I thought motherhood would come easily. I was young and I didn’t know anyone around that struggled with infertility, and if someone did, they didn’t talk about it. When I decided that I wanted to become pregnant, the idea that I might struggle wasn’t even on my radar. And I didn’t. Two months after wanting to become a mom, I was pregnant with my first son. I became alive when I was pregnant and knew that I was meant to be a mother.
As my son grew, my uterus ached for him to have a sibling. Although it took a bit longer to conceive, I was pregnant with my second son six months later. Pregnancy was blissful. I absolutely loved being pregnant. Nobody looked at me in disgust with my growing belly. They didn’t see a fat person but a woman carrying life. My autoimmune illness would go into remission. I never dealt with morning sickness. After the birth was a whole other story filled with postpartum depression, psychosis, and an autoimmune illness that wreaked havoc on my body. Yet, I knew that my family wasn’t complete.
Friends and family would ask if we were going to try for a girl. And I would always laugh it off. I didn’t care either way. To be honest, being a boy mom was pretty great, and having a third son would be just as wonderful. Shortly after my son’s first birthday, my husband and I started trying for baby number three. Little did I know that the next three years would be filled with such tragedy and loss.
After a couple of months, I became pregnant. I couldn’t wait to tell my family and friends. I went to the craft store and bought things to make a shirt for my youngest son to wear. It said, “Big Brother in Training.” He wore it when we went over to my mom’s to go swimming. We didn’t say anything and waited for her to see it. And she read it as soon as we walked into the door. She was my favorite person to tell that I was expecting because it brought her so much joy. And, I loved seeing that. As soon as I found out I was pregnant, I scheduled an appointment with my doctor. I could not wait to hear the heartbeat. And waiting was the hardest yet most exciting part. How far along was I? Did I get the due date right? Will there be more than one heartbeat? There was just an endless stream of happy thoughts.
The day of my appointment finally arrived. AHH!! This is it. I even planned on recording the heartbeat on my phone this time around. And after the appointment, my husband and I were going to head to Babies R Us to celebrate. He took the whole day off! And we were going to have dinner at my mom’s to talk all about the appointment. I had butterflies in my stomach sitting in the ultrasound room. I couldn’t wait to see my little gummy bear. Except, nothing was there. There was a sac but no heartbeat. No baby. In an instant, I felt utter heartbreak. Instead of talking about due dates and measurements, we talked about ways to abort. I had three options. To see if my body would remove blighted ovum on its own, medication to help speed up the process, or surgery. I wanted this to be over fast, so I picked surgery.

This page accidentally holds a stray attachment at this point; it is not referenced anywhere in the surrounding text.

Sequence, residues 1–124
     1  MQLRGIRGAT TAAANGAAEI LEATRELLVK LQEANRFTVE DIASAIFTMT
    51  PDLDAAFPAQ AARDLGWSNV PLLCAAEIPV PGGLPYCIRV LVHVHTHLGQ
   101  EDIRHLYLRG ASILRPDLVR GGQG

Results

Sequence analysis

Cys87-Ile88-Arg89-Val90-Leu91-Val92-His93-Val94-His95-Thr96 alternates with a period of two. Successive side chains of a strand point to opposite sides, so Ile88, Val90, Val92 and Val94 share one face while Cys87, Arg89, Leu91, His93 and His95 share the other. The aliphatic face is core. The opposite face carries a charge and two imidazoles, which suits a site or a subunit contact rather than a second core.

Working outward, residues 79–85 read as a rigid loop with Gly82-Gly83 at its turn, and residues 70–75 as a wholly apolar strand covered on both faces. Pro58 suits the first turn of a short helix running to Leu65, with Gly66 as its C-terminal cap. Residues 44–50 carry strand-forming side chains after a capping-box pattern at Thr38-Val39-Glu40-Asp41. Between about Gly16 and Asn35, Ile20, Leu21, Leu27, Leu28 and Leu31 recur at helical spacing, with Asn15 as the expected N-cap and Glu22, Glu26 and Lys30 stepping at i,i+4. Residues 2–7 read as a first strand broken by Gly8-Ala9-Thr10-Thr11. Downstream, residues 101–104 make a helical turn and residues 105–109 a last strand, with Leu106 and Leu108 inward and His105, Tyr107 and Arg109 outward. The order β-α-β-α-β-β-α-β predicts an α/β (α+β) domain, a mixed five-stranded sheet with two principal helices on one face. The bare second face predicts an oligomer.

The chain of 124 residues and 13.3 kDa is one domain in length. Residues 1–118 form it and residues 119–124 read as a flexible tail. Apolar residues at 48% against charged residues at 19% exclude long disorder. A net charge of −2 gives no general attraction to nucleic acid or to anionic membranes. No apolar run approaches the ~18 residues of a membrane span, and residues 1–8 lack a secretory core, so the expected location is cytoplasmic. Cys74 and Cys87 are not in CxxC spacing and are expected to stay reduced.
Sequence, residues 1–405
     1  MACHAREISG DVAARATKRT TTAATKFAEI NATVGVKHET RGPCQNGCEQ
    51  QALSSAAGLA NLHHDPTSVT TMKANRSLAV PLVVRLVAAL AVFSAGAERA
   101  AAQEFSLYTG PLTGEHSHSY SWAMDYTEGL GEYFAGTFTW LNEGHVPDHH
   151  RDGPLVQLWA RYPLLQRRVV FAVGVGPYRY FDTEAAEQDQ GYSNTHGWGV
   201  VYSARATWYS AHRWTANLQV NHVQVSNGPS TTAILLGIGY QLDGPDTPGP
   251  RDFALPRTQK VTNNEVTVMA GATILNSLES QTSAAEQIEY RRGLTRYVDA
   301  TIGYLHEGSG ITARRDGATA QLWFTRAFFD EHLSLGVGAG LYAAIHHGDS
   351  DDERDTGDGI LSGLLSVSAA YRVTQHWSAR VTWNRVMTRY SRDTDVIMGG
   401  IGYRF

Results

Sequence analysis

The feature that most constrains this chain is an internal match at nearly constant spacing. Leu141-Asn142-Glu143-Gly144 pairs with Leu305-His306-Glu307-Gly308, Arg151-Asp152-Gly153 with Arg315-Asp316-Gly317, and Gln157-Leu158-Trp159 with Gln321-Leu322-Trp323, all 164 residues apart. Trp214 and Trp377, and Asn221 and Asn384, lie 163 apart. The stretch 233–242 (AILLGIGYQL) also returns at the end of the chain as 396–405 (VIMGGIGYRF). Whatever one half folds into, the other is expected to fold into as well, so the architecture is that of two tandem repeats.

I wish I could say it only happened once. But, in three years, I lost six pregnancies. I was open about my struggles with infertility. With each pregnancy, I would make an announcement. I felt that if I celebrated every one like it was the first, the baby would stay. I couldn’t understand why I couldn’t stay pregnant. How could I be a mother of two and struggling with infertility? It made me so mad. I rejoiced each positive pregnancy test and crumbled with each loss. Six miscarriages to grieve through.
As I opened with my struggles with infertility, so did family and friends. Yet, I didn’t complain out loud. How could I? I had two beautiful sons. I was lucky to be a mother when people I knew weren’t able to. I spoke about the heartbreak, but I would always wrap it up in warm, fuzzy reminders that I was fortunate. Not only did I have the shame of infertility, but I also had a tremendous about of guilt for thinking or speaking badly about it.
Looking back, it seems so unfair that I couldn’t grieve because I was already a mother. Even to this day, I feel as if I’m saying something wrong by complaining. But aren’t I allowed? Each loss hurt. Each loss was unfair. Each loss broke me. That’s the truth. I hated my body for failing me. I wanted to SCREAM but instead, I cried softly in the shower or in the darkness underneath the covers of my bed.
Yes, I am a mother. But I am also a person that has suffered through six miscarriages. My children didn’t take away the pain. I hid it because of them. It’s hard to not wrap up this article with an inspiring message because hope helps. But what is inspirational about infertility? Give yourself permission to rage and grieve. And don’t let anyone tell you that your suffering isn’t real.